The eighth graders did Shalom Chaverim, which I'd never heard before and the seventh did This Ol' Man - a definite change of pace! Frim Fram Sauce, Sing and Shout, Didn't it Rain were very well done.

Ensembles
Women's: Be My Baby and Hit me With A Hot Note - classic and well done.
Men's: Ruby Ruby and Breakfast at Tiffany - I enjoyed the solo, but would rather have had the group singing more of the chorus.

Chamber Singers followed with a spectacular Eleanor Rigby, with all the added harmonies they could muster. All my Trials was good, but the arrangement for In Your Eyes didn't strike me well. Love Potion #9 - hilarious, considering some of the soloists.  The group finished off with Operator (Manhattan Transfer version) that was really good.

Senior Chorus is always spectacular and had great range this year. The 70 or so members were tight on Russian Picnic and excellent with Lord of the Dance. Ching a Ring Raw and Long Time Ago were decent. Not ones I'd have chosen, but they made up for it with Ain'a That Good News and a really, really good Goodnight Irene. Ending the night - Requiem for the Masses.

Can't wait for the Spring Concert.

Wednesday, January 7, 2009

What He Learned from His Students

Branford Marsalis on the 21st Century Student:
What I've learned from my students is that students today are completely full of sh*t.

That is what I've learned from my students. Much like the generation before them, the only thing they are really interested in is you telling them how right they are and how good they are.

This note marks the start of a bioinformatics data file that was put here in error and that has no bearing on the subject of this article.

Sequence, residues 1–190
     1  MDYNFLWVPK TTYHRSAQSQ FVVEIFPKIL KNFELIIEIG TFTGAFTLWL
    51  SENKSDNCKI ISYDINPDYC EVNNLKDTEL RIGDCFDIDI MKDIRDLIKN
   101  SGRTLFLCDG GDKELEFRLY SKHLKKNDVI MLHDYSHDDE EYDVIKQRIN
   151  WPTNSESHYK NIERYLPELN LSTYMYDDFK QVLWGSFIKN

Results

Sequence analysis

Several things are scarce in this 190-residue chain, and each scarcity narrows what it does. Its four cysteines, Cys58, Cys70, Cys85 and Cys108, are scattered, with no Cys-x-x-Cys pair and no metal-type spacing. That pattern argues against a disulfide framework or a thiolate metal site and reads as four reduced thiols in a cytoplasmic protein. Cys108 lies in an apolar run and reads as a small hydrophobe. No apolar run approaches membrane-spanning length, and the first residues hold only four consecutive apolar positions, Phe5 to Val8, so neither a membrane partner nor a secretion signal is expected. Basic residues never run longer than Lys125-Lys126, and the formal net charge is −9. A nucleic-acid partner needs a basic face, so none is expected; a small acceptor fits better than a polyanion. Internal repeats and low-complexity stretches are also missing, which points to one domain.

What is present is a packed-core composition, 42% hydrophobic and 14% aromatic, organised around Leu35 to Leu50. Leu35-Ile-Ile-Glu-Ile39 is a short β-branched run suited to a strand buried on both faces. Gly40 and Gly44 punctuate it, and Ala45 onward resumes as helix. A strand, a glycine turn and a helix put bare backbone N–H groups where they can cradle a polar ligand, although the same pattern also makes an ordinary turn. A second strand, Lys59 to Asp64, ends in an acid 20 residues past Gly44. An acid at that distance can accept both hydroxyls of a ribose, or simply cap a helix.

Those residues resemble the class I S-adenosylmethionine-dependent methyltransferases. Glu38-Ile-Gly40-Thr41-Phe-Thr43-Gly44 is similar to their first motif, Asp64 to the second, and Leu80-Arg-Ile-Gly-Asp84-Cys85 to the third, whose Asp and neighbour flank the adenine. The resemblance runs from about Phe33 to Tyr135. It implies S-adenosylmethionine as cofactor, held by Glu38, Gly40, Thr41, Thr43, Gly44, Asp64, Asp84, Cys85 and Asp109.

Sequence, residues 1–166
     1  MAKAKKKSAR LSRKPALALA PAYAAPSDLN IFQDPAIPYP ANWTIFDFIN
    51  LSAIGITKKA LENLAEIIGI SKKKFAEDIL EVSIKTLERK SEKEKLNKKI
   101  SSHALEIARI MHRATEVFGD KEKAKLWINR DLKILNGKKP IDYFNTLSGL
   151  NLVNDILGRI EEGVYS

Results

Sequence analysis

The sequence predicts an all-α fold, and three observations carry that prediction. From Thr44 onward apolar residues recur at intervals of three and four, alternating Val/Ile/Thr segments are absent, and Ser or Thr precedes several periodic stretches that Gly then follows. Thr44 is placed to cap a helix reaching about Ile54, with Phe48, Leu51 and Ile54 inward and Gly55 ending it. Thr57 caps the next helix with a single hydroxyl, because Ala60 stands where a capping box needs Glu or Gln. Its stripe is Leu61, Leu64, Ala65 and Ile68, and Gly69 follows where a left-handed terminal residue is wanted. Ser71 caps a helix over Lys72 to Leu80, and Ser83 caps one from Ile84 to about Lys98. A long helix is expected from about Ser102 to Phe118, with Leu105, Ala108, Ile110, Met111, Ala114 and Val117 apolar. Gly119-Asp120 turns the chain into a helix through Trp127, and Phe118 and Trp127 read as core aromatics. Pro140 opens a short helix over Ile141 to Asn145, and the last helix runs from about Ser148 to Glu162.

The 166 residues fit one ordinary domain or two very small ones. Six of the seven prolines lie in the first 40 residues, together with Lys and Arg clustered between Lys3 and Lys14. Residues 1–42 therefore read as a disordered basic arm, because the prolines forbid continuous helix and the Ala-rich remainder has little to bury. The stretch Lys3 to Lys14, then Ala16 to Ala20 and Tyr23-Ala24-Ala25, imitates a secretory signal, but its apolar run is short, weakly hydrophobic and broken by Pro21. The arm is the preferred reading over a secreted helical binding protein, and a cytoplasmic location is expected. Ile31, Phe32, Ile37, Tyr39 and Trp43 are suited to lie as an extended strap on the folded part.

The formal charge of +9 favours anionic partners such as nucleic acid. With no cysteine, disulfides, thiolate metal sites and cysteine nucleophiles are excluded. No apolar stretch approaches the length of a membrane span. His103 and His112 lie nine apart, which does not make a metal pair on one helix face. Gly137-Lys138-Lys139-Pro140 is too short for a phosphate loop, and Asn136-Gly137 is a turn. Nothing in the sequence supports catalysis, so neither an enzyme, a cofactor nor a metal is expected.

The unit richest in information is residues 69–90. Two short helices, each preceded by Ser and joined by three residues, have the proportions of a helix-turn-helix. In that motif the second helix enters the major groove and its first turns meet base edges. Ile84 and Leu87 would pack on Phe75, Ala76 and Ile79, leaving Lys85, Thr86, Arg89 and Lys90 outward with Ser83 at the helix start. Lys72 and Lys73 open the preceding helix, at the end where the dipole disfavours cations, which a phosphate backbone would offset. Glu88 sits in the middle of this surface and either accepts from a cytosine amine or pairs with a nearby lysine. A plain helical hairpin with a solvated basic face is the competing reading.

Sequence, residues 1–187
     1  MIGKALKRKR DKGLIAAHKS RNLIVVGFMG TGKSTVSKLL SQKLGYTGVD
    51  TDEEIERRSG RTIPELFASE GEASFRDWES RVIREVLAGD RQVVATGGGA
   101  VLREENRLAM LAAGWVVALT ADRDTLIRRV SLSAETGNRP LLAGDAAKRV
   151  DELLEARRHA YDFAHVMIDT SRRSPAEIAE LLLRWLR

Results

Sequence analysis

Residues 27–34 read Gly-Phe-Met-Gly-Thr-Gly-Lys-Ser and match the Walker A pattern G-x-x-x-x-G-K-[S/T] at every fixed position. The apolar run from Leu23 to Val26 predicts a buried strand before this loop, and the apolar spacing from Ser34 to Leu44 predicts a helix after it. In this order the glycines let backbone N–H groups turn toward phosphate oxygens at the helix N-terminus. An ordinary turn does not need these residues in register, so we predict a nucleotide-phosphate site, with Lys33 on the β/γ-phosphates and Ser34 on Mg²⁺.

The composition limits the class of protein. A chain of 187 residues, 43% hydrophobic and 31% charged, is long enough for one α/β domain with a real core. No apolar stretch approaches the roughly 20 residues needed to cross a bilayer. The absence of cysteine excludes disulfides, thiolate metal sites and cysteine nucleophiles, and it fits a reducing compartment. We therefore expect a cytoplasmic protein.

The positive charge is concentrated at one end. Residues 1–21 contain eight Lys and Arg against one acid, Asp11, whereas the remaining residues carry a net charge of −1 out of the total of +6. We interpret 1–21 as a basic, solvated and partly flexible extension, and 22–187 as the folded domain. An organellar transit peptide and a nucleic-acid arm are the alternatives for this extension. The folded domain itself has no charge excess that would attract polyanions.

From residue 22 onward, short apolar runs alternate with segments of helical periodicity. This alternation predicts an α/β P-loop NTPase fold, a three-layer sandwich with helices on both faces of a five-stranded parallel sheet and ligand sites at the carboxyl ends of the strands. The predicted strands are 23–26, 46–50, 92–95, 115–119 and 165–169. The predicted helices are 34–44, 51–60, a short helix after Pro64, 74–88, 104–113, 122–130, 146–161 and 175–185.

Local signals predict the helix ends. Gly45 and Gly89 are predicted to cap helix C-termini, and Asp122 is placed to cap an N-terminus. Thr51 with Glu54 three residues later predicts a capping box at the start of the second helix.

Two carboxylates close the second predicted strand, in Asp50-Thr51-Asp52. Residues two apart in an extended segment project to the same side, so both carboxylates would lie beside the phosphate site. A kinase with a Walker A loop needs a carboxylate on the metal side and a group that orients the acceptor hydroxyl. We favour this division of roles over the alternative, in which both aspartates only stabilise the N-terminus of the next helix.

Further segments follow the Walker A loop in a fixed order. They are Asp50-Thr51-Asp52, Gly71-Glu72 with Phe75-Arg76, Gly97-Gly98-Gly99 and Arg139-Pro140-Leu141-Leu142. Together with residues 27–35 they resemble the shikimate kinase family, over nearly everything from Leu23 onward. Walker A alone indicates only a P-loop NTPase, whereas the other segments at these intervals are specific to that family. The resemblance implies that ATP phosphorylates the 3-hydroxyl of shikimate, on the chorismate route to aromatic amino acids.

That is the same mentality that basically forces Harvard to give out B's to people that don't deserve them out of the fear that they'll go to other school that will give them B's, and those schools will make the money.

We live in a country that seems to be in this massive state of delusion, where the idea of what you are is more important than you actually being that. And it actually works just as long as everybody's winking at the same time. If one person stops winking, you just beat the crap out of that person, and they either starting winking or go somewhere else.

My students — all they want to hear is how good they are and how talented they are. Most of them aren't really willing to work to the degree to live up to that.

h/t to Moonbattery


Branford's got a point. I'm somewhat glad that it's not just me.

They've certainly got the self-confidence and the braggadocio and the 'tude. It's a good thing the whole "education is going to hell and our students are the worst in the world" thing isn't bothering them. I don't know what they'd do.

Best Answer to the Dumbest Comment

Robert McHenry said the following ...
On the Today show, one of several television programs that suddenly took an interest in him, Burris was asked about the role that race may or may not have played in his selection. He tried to finesse the question but then shared this insight:

“That’s a fact: There are no African-Americans in the United States Senate…. Is it racism that is taking place? That’s a question that someone else may raise.”